Some Advice for Graduating Teachers

Here are some excerpts from the Commencement Address I delivered at Willammette University in Salem, OR a few years ago:

My experience over the past 25 years as an educator has helped shape my outlook on life and helped form my vision for the world I want to live in. But as the gray hair becomes more prominent, my years of experience have also caused me to forget what it is like to be 20 something and starting a new career in education. Over the next few weeks, and probably at some party this evening, someone that is as old as I am is going to lean over and offer you some advice for your future. So listen to us, and nod your head respectfully, and consider what we have to say, but be sure the decisions ahead are all yours:

There are very few black and white decisions, and No one can live your life for you. You need to get out in the world and find your own path, create your own vision of what you want the world to be. Life is simply what you make of it. So get outside, travel as much as you can, play an instrument, learn a new language, try some exotic food, and dance and sing like no one is watching you. I truly believe the more interesting a person you are the better teacher you will become.

With the help of today’s technology you are able to develop on-line relationships that provide a sense of anonymity. The Internet allows us to hide from each other as we pretend to develop lasting friendships. I’m here to tell you that it is just not possible for anybody to have 4764 real friends and life doesn't come at you in 140 character bits. It's bigger. It's messier. And it requires more depth and attention than a single text message can possibly provide.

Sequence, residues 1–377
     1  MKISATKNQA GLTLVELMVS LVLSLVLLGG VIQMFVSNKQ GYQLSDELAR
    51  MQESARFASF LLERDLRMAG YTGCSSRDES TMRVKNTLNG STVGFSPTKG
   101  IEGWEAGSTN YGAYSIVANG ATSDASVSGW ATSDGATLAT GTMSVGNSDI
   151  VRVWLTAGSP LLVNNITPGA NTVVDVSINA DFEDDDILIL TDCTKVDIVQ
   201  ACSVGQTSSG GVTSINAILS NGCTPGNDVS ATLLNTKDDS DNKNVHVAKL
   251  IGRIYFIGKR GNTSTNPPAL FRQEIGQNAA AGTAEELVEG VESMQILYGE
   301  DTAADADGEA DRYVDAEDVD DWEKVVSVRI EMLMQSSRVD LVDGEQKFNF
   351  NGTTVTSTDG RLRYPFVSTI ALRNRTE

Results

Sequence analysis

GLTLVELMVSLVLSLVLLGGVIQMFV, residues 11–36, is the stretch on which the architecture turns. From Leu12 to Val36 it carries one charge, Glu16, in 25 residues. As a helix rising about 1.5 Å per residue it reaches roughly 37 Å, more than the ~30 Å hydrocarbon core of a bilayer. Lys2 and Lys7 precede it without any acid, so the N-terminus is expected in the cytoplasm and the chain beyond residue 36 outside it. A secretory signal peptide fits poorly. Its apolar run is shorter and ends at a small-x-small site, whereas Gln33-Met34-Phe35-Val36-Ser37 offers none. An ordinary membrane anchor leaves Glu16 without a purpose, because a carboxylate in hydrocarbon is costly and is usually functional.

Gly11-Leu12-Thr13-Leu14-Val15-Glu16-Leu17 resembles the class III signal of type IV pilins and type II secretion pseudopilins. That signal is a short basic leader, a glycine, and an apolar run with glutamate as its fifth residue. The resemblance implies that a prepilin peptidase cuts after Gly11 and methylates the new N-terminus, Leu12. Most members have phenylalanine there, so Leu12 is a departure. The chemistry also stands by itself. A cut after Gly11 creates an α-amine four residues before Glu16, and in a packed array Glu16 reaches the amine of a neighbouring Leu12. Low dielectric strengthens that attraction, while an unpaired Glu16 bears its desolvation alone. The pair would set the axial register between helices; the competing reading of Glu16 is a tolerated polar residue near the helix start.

But modern technology is seductive. It makes it easy to engage and disengage at will. I’m here to tell you that real relationships are built on commitment, integrity and respect. True friendships are demanding. So is being a teacher. You can’t be anonymous in the classroom. You can’t engage and disengage at will. You have to be fully present each and every day. For better or worse, you can’t tweet your way through the required curriculum. The face-to-face conversation has been replaced by the written letter, and the written letter has been replaced by the phone call, and the phone call was replaced by the e-mail that was then replaced by the text message. I don't think we can get much more detached than that.